Catholic Indian Missions of Canada

The first Catholic Indian Missions in Canada were established by the French priests attached to the parties of French explorers to whom the propagation of the Faith formed a necessary part of the work of colonization. As early as 1535 a missionary accompanied Cartier's second expedition. Missionary work among the Indians began with the advent of the Recollects, 1615, who labored among the Hurons. The Jesuits, who proved to be a more vital force in this field, arrived in 1625, and were followed by the Sulpicians, 1651, who took up the work of the former after the suppression of the Society, 1773. Among the obstacles confronting these pioneers were: an unknown land; primitive living conditions; a people who were nomadic, superstitious and unmoral; inter-tribal warfare among the Indians; the white men who plied the savages with intoxicating liquor; and the unsettled state of the country, which alternated between French and English control. Missionary work began along the Saint Lawrence River and in the northeast country; spread to Lakes Erie and Ontario, 1648; then to the country north of the Great Lakes after the dispersion, and almost total extinction, of the Huron nation in 1648. In 1735, missionaries accompanied the French explorers to the middle west where, by 1818, missions were flourishing under the control of the Jesuits and Sulpicians who by 1838 had reached the far west, and established missions there, 1842. The Oblates of Mary Immaculate arrived in Canada 1841, began their labors along the Saint Lawrence, and gradually extended their missionary work over the entire country. They were followed by the Capuchin Fathers, 1894. Conditions gradually adapted themselves to the civilizing influences of the missionaries, and by 1885 the roving life of the latter had ceased. Among the missions were those established in the east at Tadoussac, for the Montagnais; Gaspe, for the Montagnais and Micmacs; Miscou, for the Micmacs; Three Rivers, for the Montagnais and Algonquins; Saint Joseph and Christian Island (Lake Huron), for the Hurons; Saint John and Saint Mathias for the Petuns; Quinté Bay, for the Cayugas; Sault Saint Louis, for the Iroquois, among whom was Catherine Tekakwitha, the "Lily of the Mohawks." In the middle west and west were those at: Saint Paul, for the Chippewas; Ile à La Crosse, for the Dené Indians; and Garden River, Pigeon River, Saint Boniface, Wabassimong, Fond du Lac, Saint Joseph's on Great Slave Lake, Our Lady of Good Hope, within the Arctic Circle, Lake Caribou, and Divine Providence.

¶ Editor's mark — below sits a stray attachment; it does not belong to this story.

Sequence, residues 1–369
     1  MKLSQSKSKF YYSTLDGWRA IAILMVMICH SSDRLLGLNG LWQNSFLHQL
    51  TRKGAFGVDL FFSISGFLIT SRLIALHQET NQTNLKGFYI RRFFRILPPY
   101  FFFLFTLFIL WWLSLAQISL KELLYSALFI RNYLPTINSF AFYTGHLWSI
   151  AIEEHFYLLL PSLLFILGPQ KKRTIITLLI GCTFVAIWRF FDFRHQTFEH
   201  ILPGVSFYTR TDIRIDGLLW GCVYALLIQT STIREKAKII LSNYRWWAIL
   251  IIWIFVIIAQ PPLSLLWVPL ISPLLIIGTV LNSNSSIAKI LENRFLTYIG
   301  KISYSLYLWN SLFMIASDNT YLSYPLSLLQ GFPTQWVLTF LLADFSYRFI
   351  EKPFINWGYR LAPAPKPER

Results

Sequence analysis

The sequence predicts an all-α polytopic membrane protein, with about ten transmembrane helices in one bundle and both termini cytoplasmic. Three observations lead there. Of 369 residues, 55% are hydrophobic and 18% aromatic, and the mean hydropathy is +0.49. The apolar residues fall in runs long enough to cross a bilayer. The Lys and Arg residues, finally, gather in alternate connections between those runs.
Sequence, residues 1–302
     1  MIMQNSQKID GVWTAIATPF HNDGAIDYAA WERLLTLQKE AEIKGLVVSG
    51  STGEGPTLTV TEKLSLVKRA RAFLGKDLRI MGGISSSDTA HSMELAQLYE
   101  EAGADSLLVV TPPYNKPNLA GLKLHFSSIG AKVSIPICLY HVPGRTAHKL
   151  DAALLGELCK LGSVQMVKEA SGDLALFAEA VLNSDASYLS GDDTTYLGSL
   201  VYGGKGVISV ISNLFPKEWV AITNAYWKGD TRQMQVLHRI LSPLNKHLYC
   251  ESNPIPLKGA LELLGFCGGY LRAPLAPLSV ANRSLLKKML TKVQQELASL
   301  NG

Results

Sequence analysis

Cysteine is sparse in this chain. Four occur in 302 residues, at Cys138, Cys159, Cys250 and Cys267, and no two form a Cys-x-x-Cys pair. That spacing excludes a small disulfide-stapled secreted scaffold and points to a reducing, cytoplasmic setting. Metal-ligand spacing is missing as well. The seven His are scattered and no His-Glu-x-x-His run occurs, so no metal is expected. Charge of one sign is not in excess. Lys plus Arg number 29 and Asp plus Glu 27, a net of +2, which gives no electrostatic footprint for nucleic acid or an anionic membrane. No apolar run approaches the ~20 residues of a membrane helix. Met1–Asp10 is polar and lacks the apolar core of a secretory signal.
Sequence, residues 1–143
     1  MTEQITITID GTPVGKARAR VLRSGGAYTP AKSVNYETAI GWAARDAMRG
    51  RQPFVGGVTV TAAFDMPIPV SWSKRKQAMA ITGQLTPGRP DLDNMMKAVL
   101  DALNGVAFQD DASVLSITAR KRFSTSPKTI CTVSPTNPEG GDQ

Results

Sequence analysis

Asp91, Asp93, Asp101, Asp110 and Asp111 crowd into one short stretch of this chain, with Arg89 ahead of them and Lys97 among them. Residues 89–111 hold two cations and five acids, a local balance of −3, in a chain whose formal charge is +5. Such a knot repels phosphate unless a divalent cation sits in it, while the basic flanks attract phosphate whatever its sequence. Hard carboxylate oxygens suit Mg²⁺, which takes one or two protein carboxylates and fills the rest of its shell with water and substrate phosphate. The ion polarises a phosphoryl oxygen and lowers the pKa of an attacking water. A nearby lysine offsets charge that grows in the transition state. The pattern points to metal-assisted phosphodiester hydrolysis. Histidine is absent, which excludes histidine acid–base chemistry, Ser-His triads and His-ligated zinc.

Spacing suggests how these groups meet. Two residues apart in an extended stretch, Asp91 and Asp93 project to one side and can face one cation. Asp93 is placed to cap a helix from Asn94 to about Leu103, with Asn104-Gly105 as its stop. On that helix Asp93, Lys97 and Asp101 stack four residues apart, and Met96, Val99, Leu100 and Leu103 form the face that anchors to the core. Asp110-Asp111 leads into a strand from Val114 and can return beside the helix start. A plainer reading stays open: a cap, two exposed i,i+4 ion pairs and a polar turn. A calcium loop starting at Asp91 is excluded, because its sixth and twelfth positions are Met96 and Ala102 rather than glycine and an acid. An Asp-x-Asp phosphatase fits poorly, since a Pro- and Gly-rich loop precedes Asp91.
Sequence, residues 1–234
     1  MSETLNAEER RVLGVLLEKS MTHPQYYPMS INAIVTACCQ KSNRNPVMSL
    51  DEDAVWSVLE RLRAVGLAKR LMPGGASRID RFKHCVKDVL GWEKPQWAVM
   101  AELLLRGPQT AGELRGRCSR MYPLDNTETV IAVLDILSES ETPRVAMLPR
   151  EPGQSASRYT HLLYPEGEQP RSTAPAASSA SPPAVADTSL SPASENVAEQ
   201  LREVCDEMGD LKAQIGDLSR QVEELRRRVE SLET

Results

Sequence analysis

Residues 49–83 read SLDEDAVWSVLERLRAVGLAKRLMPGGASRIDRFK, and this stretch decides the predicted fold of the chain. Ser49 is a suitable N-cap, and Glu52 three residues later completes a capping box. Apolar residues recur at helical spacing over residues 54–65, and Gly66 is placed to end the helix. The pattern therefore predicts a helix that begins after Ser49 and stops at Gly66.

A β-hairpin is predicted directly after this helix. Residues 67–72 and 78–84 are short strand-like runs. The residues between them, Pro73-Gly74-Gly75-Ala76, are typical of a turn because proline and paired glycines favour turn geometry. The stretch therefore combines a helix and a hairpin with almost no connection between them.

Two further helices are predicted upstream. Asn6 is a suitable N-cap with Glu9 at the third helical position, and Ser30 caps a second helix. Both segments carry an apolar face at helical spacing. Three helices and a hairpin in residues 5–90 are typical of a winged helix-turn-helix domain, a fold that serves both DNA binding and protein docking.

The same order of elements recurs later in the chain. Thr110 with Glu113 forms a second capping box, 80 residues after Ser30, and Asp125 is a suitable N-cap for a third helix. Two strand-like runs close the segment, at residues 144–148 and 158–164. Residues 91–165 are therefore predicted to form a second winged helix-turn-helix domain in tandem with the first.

Among the missionaries who labored in Canada were: the Jesuits Bressani, Chaumonot, Massé, Brébeuf, Chabanel, Daniel, Garnier, Lalemant, Labrosse, Nobili, and Du Rancquet; the Recollects Jamay, Dolbeau, Le Caron, who prepared a dictionary of the Huron language; Sagard, the historian of the early Catholic missions in Canada, and Hennepin; the Sulpicians De Queylus, Souart, Picquet, Mathevet, who prepared a dictionary of the Abenaki language; Thavenet, Guichart, and Cuocq; the Oblates of Mary Immaculate Durocher, Tache, Faraud, Grollier, called the Apostle of the Arctic Circle; Grandin, and D'Herbomez; and the secular priests Brabant, Nicoloye, and Demers.

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